5. Armed with this information, you can then alter your trip accordingly so that your intended visit does not result in you overstaying your visa.

[Important]: Please note, do not take for granted from the resulting calculation that you will be allowed to stay in the Schengen area during the period it describes. The calculator is not an official source/authority for Schengen stays, it is merely a guide. 

The 90/180 rule

  • If you have a short-stay Schengen visa, you may not stay in the Schengen area for more than 90 days within a 180-day period; this principle is commonly known as the 90/180 rule, and it applies to everyone who has a short stay Schengen visa-without exception.
  • This rule is easily understood in connection with single entry Schengen visas. If, for example, you have a single-entry Schengen visa, and you enter the Schengen area on January 1st, 2020, you must leave the Schengen area on or before March 30th, 2020; a period of 90 days.
  • You must be particularly mindful of the 90/180 rule if you have a multiple entry Schengen visa. For example, say you have a multiple entry Schengen visa that is valid FROM January 1st 2020 UNTIL June 30th, 2020. Say you stay in the Schengen area for 30 days after entering, leave, return to the area after 50 days, stay for 15, and leave again for 100 days. Technically, you will have only spent 45 days in the Schengen area, well under the 90-day limitation. However, because your visa validity end date (next to “UNTIL” on your visa) is June 30th, 2020, you will have exceeded your visa validity period, and you cannot re-enter the Schengen area with the same visa.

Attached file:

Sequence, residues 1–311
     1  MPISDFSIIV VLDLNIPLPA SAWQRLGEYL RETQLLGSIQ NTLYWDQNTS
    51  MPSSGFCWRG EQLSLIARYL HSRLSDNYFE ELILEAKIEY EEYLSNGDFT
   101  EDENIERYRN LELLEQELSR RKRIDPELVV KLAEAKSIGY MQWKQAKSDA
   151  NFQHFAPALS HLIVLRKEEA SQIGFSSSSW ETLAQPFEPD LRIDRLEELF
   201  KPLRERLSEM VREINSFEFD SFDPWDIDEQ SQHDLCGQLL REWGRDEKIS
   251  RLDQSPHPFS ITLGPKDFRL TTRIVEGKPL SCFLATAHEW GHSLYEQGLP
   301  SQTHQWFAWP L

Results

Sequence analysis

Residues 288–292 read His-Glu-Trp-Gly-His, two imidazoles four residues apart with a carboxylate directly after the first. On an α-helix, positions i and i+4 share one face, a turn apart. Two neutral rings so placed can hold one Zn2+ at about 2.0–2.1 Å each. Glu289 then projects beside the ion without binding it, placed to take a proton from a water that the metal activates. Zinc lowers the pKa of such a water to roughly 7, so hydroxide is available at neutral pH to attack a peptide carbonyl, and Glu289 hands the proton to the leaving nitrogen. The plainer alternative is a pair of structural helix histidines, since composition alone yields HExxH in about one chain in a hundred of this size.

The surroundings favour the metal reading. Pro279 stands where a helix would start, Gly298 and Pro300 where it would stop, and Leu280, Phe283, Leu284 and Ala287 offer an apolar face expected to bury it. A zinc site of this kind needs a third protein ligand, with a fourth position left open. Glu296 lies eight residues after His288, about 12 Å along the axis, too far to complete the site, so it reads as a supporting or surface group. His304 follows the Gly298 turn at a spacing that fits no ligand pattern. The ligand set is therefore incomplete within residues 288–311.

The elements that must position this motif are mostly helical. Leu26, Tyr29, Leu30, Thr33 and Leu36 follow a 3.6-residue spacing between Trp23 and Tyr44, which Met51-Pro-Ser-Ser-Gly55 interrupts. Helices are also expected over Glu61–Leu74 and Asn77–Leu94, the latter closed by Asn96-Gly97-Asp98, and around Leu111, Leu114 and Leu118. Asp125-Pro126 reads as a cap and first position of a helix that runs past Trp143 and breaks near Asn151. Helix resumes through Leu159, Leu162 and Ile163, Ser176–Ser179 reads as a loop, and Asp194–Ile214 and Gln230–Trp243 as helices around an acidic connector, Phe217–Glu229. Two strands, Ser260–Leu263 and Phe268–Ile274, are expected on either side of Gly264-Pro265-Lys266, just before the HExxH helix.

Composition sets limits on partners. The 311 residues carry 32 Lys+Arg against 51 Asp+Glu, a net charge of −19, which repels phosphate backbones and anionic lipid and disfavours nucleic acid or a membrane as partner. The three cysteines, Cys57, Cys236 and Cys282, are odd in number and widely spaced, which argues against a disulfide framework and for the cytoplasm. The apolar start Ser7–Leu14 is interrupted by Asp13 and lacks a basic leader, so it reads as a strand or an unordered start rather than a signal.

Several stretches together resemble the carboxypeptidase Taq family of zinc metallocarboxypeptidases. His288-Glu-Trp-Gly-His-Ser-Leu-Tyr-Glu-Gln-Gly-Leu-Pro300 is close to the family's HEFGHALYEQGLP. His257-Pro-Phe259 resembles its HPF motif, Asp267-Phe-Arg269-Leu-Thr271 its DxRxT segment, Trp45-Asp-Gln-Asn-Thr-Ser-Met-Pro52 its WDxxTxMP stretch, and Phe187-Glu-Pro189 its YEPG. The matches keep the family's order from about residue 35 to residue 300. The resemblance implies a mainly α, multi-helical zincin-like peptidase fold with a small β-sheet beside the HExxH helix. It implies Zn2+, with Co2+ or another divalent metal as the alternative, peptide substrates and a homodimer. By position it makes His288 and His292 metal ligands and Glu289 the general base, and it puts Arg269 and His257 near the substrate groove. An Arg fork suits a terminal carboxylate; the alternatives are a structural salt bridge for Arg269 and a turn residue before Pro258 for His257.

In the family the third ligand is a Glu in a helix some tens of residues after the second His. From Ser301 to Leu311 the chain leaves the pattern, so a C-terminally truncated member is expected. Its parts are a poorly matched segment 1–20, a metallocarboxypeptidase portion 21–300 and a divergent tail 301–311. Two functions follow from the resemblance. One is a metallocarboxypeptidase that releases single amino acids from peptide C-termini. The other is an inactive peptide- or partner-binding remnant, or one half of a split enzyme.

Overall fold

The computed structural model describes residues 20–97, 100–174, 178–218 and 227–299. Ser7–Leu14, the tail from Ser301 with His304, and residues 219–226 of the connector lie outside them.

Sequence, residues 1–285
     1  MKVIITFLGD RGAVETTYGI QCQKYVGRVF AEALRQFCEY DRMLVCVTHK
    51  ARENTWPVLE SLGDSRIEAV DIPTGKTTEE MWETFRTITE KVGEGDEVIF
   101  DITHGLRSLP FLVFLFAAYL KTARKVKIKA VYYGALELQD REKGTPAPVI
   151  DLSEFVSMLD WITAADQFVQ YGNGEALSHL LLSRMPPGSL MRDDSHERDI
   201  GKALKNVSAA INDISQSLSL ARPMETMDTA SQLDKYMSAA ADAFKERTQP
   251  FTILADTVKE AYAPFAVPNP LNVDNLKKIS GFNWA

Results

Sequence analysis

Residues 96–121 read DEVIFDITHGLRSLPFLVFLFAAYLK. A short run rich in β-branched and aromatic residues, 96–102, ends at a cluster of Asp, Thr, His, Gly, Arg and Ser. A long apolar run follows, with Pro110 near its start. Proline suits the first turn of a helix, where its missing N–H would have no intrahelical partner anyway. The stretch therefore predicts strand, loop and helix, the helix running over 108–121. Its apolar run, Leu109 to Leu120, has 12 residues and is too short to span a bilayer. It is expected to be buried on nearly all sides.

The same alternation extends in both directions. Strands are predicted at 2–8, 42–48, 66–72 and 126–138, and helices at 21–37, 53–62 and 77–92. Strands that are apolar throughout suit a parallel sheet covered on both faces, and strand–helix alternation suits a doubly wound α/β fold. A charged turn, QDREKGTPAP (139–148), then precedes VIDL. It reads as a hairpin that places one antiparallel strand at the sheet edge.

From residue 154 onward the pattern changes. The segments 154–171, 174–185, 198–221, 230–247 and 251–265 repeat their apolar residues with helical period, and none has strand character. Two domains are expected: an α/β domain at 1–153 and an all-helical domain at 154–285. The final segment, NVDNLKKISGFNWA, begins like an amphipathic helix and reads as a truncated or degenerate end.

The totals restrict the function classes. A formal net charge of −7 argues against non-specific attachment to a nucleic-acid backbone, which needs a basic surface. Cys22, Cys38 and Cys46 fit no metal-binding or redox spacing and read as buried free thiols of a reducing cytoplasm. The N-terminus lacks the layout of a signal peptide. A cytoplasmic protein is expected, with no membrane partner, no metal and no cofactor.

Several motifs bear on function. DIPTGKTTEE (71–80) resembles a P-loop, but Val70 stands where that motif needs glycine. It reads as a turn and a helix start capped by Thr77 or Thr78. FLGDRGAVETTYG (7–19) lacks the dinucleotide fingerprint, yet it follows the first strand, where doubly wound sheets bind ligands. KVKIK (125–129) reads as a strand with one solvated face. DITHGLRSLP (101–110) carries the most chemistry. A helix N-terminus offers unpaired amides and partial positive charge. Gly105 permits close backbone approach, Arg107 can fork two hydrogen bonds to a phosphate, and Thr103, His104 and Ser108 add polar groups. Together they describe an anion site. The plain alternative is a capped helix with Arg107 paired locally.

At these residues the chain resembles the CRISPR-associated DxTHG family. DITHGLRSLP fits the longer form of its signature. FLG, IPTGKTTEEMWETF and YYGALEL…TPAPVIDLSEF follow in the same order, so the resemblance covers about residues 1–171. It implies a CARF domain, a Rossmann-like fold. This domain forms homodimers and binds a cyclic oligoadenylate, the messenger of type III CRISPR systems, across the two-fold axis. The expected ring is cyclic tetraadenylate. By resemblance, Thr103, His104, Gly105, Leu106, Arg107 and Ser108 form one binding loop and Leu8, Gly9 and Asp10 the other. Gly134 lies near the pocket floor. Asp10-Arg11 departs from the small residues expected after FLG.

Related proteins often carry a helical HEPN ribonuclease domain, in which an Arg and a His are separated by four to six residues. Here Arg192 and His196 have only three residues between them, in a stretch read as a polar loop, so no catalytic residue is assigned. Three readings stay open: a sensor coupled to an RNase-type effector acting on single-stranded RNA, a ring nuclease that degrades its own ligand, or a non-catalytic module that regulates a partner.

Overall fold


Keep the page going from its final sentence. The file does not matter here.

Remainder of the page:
• The 90/180 rule also applies to people who would seek to get another Schengen visa once their first visa expires (i.e. in order to stay longer than 90 days). This rule has the practical effect of preventing people from forming a kind of long-term Schengen visa out of multiple short-term ones. Say, for example, that you have a Schengen visa valid for 90 days within a 6-month period, and you spend 90 days in the Schengen area. If you attempt to get a new Schengen visa after staying 90 days within that 180 day period, you must wait until the rest of your original 180 day period has expired (it began from your day of first entry) so that when you receive your new visa, you will begin a new period of 180 days.
  • A good way of making sure you do not overstay your multiple entry visa is by referencing the entry/exit stamps in your passport, which will be stamped with the date every time you enter and exit the Schengen area.
  • Please note, the penalties for overstaying your Schengen visa are significant. If you do not leave the Schengen area in time, you may be subject to one, some, or all of the following:
    • Monetary fine.
    • Instant deportation.
    • Multi-year ban from the Schengen area.
    • You will likely be denied a Schengen visa the next time you try to apply for one. In determining whether or not to grant you a Schengen visa, your consulate will look at your past history to determine if you have ever overstayed your Schengen visa. All information pertaining to your Schengen visa history is stored in the Schengen Information System (SIS). Therefore, overstaying a Schengen visa will almost certainly negatively affect any future Schengen visas you apply for.